“Ladies, here’s a hint. If you’re up against a girl with big boobs, bring her to the net and make her hit backhand volleys. That’s the hardest shot for the well-endowed.” – Billie Jean King
One summer in East Hampton, a neighbor and I discovered a virtually abandoned tennis court in the woods behind our house. We laced up our Keds, unzipped our racquet covers, and then breeding bounced on in, attired in true blue blood style.
“Do you think we need to wear whites?” he asked.
His mother would have been proud.
Tennis has rallied into a fashion revolution of its own.
White makes right, but why? Men may sweat and women “glow”, but colors show off the unthinkable.
Flashback to the Victorian Empire, in the late 1860’s. The players wore tight sleeved jackets (think of the mobility, not!), gloves, hats and long skirts.
“The better to trip on a ball with, my dear.”
The joy of hitting a ball encumbered in Victorian garb was getting old, fast.
In 1905, Mary Sutton, wore one of her father’s shirts, rolled back the sleeves, and took on Wimbledon.
Tennis dressing was on a slam-dunk roll of its own.
In 1922, Suzanne Lenglen (“La Divine” in the French press) made a Wimbledon entrance in a short skirt, colorful cardigans and a bandeau.
After the gossip and smelling salts had subsided, the color of her next bandeau became the talk of the tennis mode.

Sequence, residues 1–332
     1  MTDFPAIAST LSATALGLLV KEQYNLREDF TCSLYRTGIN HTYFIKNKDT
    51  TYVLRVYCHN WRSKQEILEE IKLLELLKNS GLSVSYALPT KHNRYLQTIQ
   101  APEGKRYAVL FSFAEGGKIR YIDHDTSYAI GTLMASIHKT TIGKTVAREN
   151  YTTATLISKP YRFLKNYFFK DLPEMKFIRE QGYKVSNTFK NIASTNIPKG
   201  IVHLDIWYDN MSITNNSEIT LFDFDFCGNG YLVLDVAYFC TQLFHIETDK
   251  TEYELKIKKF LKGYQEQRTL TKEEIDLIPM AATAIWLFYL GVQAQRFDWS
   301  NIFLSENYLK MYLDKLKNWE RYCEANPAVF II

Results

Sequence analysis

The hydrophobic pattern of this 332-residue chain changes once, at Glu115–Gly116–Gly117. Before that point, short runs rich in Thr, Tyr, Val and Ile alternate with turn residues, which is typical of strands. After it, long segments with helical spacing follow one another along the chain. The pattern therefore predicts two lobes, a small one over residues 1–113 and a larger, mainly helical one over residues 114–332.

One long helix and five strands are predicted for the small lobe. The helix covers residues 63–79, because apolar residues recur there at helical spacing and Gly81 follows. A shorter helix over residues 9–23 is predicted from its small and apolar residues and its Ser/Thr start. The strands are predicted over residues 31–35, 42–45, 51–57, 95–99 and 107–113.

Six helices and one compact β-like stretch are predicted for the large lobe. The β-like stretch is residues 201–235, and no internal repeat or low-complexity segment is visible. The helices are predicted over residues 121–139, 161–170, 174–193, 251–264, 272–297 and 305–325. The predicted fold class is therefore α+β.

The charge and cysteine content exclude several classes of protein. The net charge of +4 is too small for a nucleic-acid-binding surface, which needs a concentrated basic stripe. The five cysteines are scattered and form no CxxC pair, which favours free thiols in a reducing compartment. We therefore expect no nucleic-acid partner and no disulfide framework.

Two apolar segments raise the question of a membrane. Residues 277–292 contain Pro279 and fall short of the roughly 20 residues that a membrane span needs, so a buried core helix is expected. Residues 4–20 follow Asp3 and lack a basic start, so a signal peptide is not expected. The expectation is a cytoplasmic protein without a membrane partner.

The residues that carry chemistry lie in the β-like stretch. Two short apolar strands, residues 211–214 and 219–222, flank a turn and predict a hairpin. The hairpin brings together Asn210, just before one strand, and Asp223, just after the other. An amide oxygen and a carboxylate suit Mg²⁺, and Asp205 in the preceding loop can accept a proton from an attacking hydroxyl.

By the 1930’s, stockings unraveled and tennis players could go bare headed.
Ladies, gone ballsy and then some!
Enter 1949 and Victoria’s Secret would have been “a-drool.”
Gertrude “Gussie” Moran flaunted lace-trimmed panties under her white dress to Wimbledon. The London Daily Express exposed the news five times in a week, while the British press dubbed her “gorgeous Gussie.”
Ted Tinling, a former umpire and player, designed the daring panties.
Not content with his fifteen minutes, Tinling created a color-trimmed dress: Wimbledon imposed the all-white rule. He countered by designing a gold panty, which was then banned.
A “triple bagel” for Ted.
Mega flash-forward to the 1990’s when the Williams sisters, Venus and Serena, took hold of the ball and dress code, in boldly colored clothes, dangling earrings and hair beads.
The paparazzi loved it.
Serena played in a leather look- alike the cat suit, moved on to boots and denim skirts, and rocked into her own fashion line,:“Aneres,” while Venus lobbed into her own: “EleVen.”
Tennis dresses in New York streets in the sixties? A daring move, a lotta leg, and a hint of endless possibilities.
A friend of mine sported a court-sized crush on a boy who played tennis. What’s a girl to do? She dressed up in a hot little tennis dress, slung a racket across her shoulder and walked around the New York street he lived on, until she was too exhausted to even step on a court.
Fashion editors took note, and tennis-wear to heart and page; sports create fashion and the fashionable.
Years ago, I was down Madison Avenue, dressed in a riding jacket from the erstwhile equestrian apparel store Knouds.
I all but collided into designer Bill Blass who grabbed me by the lapel.
“Where’d you get this?,” he demanded.
Once Bill released me, he went on to pontificate that great fashion is often derived from sports with style.
Today’s ball boys and ball girls tote Ralph Lauren.
If Ralph Lauren could trademark an entire sport as ancient and powerful as polo, just imagine what he could do with other sports trademarks.
”Tennis anyone, who’s anyone?”
Image courtesy of Vogue